I stumbled through the woods wearing blaze orange, carrying my rifle. I was fourteen and on my first elk hunt in the Colorado Rockies. It was getting dark, not because it was late in the day, but because a storm was moving in. Thunder had been booming over the ridges for the last half an hour or so and I was scared – scared and lost. Well, not really lost, but the road wasn’t where I had been told it was supposed to be.
My dad and his hunting buddy, Gary, had dropped me off about a mile back up on the ridge and told me, “Just walk down hill and bear a little right and you will hit the road down below.” Well, that was a long time ago, and I hadn’t hit any road.
Then it started to sleet—wet, stinging sleet. The lightning started hitting closer, and I could feel the thunder rattle my bones. I finally stopped and realized I wasn’t going to find my way out, so I swallowed my pride and fired three times in the air, sat down in a sheltered spot by an opening in the trees, and waited. Quicker than I expected, Gary walked into the opening, grabbed me by the collar, and towed me out to the road.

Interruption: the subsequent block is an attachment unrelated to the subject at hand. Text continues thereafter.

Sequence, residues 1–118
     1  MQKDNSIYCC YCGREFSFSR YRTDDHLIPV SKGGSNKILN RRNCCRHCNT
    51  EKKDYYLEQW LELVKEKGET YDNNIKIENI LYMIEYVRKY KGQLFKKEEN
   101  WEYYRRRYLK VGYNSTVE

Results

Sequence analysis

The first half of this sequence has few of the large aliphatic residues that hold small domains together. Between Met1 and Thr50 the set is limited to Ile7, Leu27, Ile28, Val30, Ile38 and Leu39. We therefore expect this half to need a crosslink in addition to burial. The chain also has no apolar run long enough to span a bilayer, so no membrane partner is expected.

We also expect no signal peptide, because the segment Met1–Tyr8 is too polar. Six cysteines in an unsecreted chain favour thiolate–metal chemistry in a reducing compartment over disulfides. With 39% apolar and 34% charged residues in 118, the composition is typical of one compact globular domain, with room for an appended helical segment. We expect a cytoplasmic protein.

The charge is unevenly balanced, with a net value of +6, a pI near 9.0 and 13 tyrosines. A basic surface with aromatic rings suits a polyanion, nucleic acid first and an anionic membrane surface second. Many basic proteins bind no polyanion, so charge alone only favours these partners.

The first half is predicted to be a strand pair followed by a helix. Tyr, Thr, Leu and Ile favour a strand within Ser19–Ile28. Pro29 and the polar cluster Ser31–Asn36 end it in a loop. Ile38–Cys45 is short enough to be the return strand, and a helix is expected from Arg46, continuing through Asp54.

This incident was years before GPS devices were common, and it motivated me to learn navigation skills so that it wouldn’t be repeated. I have found these skills to be valid in the city, country, or even the wilderness. They can be used separately or together to keep you found and on the right track.
Get a Map
In the example above, if I had studied a map before we went hunting in that area, I would have known that the road they wanted me to come out on paralleled the road they had dropped me off on only so far. It then turned and ran directly away. I had gone beyond where it turned and could have kept going at least another five miles before I hit a different road.
Topographic maps are available for all of North America. They show waterways, ridges, predominant peaks, and even tree cover. If you study them and carry them with you, you will most likely be able to determine where you are and which way you need to go.
Maps are good for a city dweller also. If you are new to a city, study the road map for the main thoroughfares. It will take years to learn all the little streets, but if you know the main north-south and east-west roads you will be able to find your way if you ever become lost. If you get turned around, just drive until you hit one of the main streets and turn onto it. Then follow it until you hit another. You should now know exactly where you are.
Get a Compass